Notice: Eighth Circuit Rule 28a(k) Governs Citation of Unpublished Opinions and Provides That No Party May Cite an Opinion Not Intended for Publication Unless the Cases Are Related by Identity Between the Parties or the Causes of Action.leroy A. Peterson; Ardis Peterson, Plaintiffs-appellants, v. Richard Allan Fisher; Traill County, a Politicalsubdivision, Defendants-appellees, 29 F.3d 628 (8th Cir. 1994)Annotate this Case
Before BOWMAN, Circuit Judge, BRIGHT, Senior Circuit Judge, and LOKEN, Circuit Judge.
An intoxicated Leroy A. Peterson was arrested for non-payment of child support on Friday evening and placed in the detoxification cell of the Traill County jail. On Saturday morning, he was transferred to the "bull pen" area of the jail, where he remained with other inmates until Monday. Peterson was sick all weekend. By Sunday night, other inmates reported to jailers that Peterson was disoriented and "seeing things." The jail log reflects that two different jailers talked to Peterson at 7:15 p.m. and 3:30 a.m., concluded that he was aware of his surroundings and in possession of his faculties, and telephoned Sheriff Richard Allen Fisher at his home to report. Fisher and the jailers concluded there was no medical emergency. Fisher instructed the jailers to check Peterson's cell every half hour all night, which they did, and to arrange for a physician to examine Peterson Monday morning. Unfortunately, before the medical exam could be scheduled Monday morning, Peterson fell in the jail and suffered a serious head injury.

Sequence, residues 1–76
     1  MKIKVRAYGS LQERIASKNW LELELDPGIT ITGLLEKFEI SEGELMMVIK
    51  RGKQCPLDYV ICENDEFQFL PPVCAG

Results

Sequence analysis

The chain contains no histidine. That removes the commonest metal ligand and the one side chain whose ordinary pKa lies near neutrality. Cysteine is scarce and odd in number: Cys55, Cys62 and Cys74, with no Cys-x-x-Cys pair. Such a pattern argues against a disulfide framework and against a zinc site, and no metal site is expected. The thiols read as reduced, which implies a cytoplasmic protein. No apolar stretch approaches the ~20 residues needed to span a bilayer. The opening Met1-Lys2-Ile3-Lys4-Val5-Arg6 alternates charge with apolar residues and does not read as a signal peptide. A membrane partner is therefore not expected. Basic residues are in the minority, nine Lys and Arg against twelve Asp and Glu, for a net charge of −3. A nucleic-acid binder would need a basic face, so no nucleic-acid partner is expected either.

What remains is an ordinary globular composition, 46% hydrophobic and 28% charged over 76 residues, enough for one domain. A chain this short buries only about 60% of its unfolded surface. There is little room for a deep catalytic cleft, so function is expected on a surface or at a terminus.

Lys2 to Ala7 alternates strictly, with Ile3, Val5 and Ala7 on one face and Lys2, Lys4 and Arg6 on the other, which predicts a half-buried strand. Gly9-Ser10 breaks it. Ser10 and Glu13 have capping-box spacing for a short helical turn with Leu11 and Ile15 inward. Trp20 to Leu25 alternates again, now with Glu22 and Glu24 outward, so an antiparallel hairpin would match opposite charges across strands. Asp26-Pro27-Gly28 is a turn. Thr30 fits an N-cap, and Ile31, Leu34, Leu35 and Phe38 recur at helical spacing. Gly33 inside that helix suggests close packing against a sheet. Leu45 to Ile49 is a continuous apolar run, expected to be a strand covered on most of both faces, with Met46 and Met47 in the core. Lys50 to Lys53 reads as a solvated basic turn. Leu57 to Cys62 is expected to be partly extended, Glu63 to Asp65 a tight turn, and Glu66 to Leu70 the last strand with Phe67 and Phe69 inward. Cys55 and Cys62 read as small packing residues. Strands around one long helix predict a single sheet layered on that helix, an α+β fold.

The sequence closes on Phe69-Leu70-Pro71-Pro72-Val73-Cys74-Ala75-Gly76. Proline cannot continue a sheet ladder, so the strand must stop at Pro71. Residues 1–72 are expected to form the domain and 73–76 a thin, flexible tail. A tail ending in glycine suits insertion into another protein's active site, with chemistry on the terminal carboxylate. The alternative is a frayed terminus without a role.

Peterson and his wife commenced this action, alleging that Fisher's deliberate indifference to Peterson's serious medical need for alcohol withdrawal treatment violated 42 U.S.C. § 1983, and alleging pendent state law claims against Fisher and Traill County. After the parties completed discovery, the district court granted Fisher summary judgment, concluding (i) "any assertion that Fisher was acting in a manner that was deliberately indifferent to [Peterson's] medical needs flies in the face of reality," and (ii) no reasonable jury could find that Fisher's conduct "constitute [d] reckless or grossly negligent conduct, or willful or wanton misconduct," the relevant standard for public employee liability under N.D. Cent. Code Sec. 32-12.1-04(3). The Petersons then dismissed their claims against Traill County and appealed this summary judgment ruling.
On appeal, the Petersons argue that genuine issues of material fact exist that preclude summary judgment dismissing their Sec. 1983 and state law claims against Sheriff Fisher. After careful review of the record, we conclude that the district court properly identified disputed fact issues, determined that those issues are not material, and granted Fisher's motion for summary judgment. In particular, summary judgment in this case is consistent with the Supreme Court's recent pronouncement that "a prison official cannot be found liable under the Eighth Amendment for denying an inmate humane conditions of confinement unless the official knows of and disregards an excessive risk to inmate health or safety." Farmer v. Brennan, 114 S. Ct. 1970, 1979 (1994). Accordingly, the judgment of the district court is affirmed for the reasons stated in the district court's Memorandum and Order dated September 27, 1993. See 8th Cir. Rule 47B.